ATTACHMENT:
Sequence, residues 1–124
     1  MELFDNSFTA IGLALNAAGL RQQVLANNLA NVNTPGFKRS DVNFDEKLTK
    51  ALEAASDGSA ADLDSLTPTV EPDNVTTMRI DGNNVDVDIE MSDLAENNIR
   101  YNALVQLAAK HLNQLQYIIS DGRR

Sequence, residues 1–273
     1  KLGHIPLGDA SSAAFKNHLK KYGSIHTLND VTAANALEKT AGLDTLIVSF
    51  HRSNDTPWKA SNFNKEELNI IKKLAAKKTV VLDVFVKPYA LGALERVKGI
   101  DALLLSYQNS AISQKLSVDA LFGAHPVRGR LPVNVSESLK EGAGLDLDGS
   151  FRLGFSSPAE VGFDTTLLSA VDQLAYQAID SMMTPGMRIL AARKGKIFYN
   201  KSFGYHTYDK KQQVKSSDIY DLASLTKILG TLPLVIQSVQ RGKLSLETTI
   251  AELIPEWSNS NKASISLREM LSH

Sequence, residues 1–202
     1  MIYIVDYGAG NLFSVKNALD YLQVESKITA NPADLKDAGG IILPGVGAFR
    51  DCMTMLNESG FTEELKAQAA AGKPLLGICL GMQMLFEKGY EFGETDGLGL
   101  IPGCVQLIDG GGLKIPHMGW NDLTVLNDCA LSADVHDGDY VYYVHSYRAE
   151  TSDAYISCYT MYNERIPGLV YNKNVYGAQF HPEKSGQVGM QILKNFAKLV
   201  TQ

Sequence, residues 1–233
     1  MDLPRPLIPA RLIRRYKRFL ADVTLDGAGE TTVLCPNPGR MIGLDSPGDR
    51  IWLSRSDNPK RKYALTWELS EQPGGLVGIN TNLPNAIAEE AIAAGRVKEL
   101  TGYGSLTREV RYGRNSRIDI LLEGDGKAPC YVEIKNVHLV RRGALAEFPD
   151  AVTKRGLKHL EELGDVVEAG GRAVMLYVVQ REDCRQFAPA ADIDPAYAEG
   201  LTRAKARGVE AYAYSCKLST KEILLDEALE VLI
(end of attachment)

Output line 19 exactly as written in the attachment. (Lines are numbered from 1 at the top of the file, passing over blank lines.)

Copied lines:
     1  MDLPRPLIPA RLIRRYKRFL ADVTLDGAGE TTVLCPNPGR MIGLDSPGDR